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Rating:SEC Proposes Bank Regulations Not Rated 0.0 Email Routing List Email & Route  Print Print
Wednesday, June 02, 2004

SEC Proposes Bank Regulations

Reported by Theresa Sim

The SEC just wants to help banks. In a Wednesday morning meeting, commissioners voted unanimously to publish for comment Regulation B, a proposal intended to clarify what banks that dabble in securities can and cannot do, as non-SEC registered entities.

Interested parties can comment on the proposal until August 1; the agency will then consider comments and issue a final ruling by the end of this year. Banks will likely have to comply by the end of 2005, said Catherine McGuire, chief counsel of the agency's Division of Market Regulation.

The proposal is a part of the SEC's continuing effort to implement the 1999 Gramm-Leach-Bliley Act, which let banks offer diversified financial services products.

The Gramm-Leach-Bliley (GLB) Act lists eleven exceptions to the Securities Act of 1934's definition of a broker that allow banks to provide securities-related services without registering with the SEC.

In pursuit of implementing the GLB Act, the SEC issued a set of interim rules in 2001, and the agency's Division of Market Regulation has been working with the banking industry, at some points meeting quarterly, to develop Regulation B.

At one point during the meeting, SEC chairman William Donaldson questioned "why have we taken so long [on the regulation]...I don't mean [the question] in a mean spirit."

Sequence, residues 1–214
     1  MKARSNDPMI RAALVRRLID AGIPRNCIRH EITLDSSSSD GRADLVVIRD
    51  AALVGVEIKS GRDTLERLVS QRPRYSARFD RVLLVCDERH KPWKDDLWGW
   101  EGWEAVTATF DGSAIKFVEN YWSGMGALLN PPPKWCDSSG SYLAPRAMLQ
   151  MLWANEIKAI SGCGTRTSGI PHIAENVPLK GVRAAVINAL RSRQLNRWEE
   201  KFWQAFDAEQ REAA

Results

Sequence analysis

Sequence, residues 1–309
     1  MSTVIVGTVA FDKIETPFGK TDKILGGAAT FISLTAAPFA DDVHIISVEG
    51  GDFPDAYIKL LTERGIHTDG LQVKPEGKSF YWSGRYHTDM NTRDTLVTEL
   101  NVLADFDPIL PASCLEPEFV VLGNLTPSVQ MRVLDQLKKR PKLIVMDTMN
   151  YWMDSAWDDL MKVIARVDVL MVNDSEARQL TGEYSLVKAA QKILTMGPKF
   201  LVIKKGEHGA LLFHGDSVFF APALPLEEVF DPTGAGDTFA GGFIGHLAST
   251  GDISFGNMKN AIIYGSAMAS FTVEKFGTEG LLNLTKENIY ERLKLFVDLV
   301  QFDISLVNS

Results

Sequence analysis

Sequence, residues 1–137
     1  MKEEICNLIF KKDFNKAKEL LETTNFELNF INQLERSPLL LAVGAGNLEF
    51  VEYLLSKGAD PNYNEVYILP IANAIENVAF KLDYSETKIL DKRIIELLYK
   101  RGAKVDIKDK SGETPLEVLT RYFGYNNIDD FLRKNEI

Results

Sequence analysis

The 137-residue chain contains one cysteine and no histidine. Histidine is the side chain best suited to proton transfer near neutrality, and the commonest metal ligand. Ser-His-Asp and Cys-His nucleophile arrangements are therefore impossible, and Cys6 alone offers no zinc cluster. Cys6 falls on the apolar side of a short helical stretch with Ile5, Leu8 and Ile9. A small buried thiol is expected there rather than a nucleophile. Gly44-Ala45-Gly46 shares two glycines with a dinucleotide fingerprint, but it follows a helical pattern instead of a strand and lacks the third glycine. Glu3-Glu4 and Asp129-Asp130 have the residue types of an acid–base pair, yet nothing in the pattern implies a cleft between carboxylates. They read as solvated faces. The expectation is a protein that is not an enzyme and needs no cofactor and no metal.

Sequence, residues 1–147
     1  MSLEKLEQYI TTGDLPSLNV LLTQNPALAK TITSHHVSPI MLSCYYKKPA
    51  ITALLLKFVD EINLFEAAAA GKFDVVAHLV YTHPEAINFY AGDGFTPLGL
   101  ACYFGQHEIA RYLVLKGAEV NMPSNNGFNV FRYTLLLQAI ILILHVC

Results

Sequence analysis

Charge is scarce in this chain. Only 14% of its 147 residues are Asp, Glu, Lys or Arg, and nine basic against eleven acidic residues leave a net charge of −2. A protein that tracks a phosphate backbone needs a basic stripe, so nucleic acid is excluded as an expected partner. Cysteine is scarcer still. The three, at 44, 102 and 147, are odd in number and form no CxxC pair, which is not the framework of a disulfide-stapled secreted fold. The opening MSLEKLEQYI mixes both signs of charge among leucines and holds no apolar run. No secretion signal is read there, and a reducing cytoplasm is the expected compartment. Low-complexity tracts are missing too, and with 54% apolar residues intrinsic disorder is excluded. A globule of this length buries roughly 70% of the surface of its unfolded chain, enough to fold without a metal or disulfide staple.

The clarifications to the GLBA include clarifying bank partnerships with broker dealers, defining small banks (that fall under one of the Act's exemptions), and expanding the exemptions where a bank, acting as a trust or a fiduciary, can receive "sales compensation."

The SEC's proposal also includes a provision to extend the exemptions to thrifts and credit unions.

Donaldson said in a statement "I do not believe that our dialogue [with the banking industry] is over."

The agency's chairman also stressed that the staff needs feedback, in the form of "hard data" from banks, small ones in particular: "We need to know in practical, concrete, dollars-and-cents terms how these proposed rules would affect the banking business - money-center banks as well as local banks in small towns, thrifts and credit unions."

During the meeting, commissioners emphasized that their goal is to regulate similar products in a similar manner, even if they fall under different regulatory agencies. Banks are regulated by the Office of the Comptroller of the Currency. 

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